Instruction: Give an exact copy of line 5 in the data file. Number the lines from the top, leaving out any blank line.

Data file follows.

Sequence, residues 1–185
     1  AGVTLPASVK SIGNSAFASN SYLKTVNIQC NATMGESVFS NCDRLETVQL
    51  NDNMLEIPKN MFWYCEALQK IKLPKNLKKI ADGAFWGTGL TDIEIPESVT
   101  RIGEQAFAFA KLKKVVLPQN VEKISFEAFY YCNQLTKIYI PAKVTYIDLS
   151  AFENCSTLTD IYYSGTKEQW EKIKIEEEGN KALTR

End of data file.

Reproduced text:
   151  AFENCSTLTD IYYSGTKEQW EKIKIEEEGN KALTR